Homeless of Manatee County Find Refuge in Woodland Campsite

THE HomelesS OF MANATEE COUNTY
17th Street East is an industrial backroad lined by towing and auto service companies, where the pavement gives way to a dusty dirt road as you reach its dead end. It is at this dead end where Oneco’s homeless community have constructed their woodland campsite after being displaced by the La Mexicana Flea Market fire reported in the Bradenton Herald in Dec. of 2016.

homeless trailer

An abandoned trailer homes several campsite residents. (Photo: Alexander Michael Buono)

“The police have changed,” said Sonia T, one of the encampment’s newer residents,(who asked not to be identified). Sonia added, “We like the people who bring food, but they haven’t been around here for a while.”
According to last year’s Point-In-Time Survey conducted by the Suncoast Partnership to End Homelessness, the homeless count for the area in Manatee County outside of Bradenton has increased from 23 to 242 persons. Several non-profit agencies along with Suncoast have worked with the Manatee County Sheriff’s Office in offering to provide services to the homeless communities across the county.
“We will visit homeless camps and supply the people that are there that they can get help, whether it be the Salvation Army or there are several organizations here that will help the homeless,” according to Dave Bristow of the Manatee County Sheriff’s Office.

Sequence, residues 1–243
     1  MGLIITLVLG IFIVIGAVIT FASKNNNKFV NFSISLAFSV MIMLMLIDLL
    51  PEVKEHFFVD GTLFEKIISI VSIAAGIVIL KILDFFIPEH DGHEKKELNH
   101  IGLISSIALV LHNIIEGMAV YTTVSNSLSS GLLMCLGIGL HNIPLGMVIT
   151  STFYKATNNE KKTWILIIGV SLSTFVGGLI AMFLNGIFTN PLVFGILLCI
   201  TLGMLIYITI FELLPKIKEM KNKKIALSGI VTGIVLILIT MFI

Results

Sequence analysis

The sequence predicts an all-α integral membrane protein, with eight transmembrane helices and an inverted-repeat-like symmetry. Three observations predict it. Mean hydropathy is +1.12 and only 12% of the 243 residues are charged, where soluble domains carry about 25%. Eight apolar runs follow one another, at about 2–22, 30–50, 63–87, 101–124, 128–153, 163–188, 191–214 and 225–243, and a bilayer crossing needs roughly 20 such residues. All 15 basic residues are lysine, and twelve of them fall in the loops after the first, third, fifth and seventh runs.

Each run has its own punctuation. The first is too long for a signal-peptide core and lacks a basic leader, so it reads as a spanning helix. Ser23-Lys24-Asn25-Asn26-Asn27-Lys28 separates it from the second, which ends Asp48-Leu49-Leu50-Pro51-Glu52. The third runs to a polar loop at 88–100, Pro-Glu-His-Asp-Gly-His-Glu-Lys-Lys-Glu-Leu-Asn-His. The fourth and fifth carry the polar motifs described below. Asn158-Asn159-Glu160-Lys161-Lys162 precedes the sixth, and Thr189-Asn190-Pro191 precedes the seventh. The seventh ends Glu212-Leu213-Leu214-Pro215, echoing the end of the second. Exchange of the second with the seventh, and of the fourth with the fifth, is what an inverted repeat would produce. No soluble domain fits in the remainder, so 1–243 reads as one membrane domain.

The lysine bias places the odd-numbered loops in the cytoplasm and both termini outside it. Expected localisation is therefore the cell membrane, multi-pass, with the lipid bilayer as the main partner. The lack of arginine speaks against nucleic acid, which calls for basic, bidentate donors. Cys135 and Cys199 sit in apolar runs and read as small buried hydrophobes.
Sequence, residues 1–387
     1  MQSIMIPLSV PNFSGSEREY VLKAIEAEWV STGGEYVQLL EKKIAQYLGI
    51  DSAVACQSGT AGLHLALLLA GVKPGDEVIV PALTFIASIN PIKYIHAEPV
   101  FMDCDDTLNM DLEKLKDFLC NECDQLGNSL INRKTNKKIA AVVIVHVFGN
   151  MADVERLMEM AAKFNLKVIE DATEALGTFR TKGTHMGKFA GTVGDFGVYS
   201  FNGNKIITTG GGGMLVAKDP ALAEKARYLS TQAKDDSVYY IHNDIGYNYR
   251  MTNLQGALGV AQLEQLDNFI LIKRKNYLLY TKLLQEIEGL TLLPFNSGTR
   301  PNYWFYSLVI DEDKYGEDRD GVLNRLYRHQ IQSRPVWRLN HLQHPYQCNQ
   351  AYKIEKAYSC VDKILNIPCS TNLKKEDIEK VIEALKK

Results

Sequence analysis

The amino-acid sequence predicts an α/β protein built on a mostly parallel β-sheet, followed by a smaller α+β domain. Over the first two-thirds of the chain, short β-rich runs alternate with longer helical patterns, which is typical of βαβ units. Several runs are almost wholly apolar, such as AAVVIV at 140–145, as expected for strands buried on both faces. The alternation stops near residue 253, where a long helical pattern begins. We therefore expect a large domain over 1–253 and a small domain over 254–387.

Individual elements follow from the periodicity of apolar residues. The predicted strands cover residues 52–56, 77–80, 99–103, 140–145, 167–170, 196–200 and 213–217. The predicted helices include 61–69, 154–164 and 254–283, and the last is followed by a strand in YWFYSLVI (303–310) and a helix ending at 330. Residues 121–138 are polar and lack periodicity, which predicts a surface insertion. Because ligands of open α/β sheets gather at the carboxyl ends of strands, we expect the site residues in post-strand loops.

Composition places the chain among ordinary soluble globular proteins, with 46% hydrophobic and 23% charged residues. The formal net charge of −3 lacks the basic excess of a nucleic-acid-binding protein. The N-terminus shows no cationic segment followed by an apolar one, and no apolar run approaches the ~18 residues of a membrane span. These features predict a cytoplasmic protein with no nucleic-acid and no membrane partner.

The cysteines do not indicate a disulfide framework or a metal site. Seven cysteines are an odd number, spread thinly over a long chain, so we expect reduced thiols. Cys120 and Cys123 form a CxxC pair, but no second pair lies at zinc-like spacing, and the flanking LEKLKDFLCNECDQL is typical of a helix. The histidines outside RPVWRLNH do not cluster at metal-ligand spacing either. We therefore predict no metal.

From inside the 17th Street East campsite, the homeless community tent homes are made up of salvaged building materials, such as plumbing fixtures, cement blocks and scrap lumber. Many of the residents have bartering system for tools and other wares that aid in their day to day survival. In the recent months, the winter cold and living within a floodplain has created challenges to the community.

Homeless Camp

Josh’s two-story structure that he himself has constructed. (Photo: Alexander Michael Buono)

“It wasn’t Irma, but actually a storm two weeks before that flooded the whole area, water up to these tracks,” said Josh, a man in his 50’s who has hand built the two-story structure set back from the train tracks (above). “I’ve lived in Buffalo, Sarasota, and this community is the most difficult to live in.”

For more information on how to get involved the non-profit special projects geared to helping Manatee County’s homeless, click here.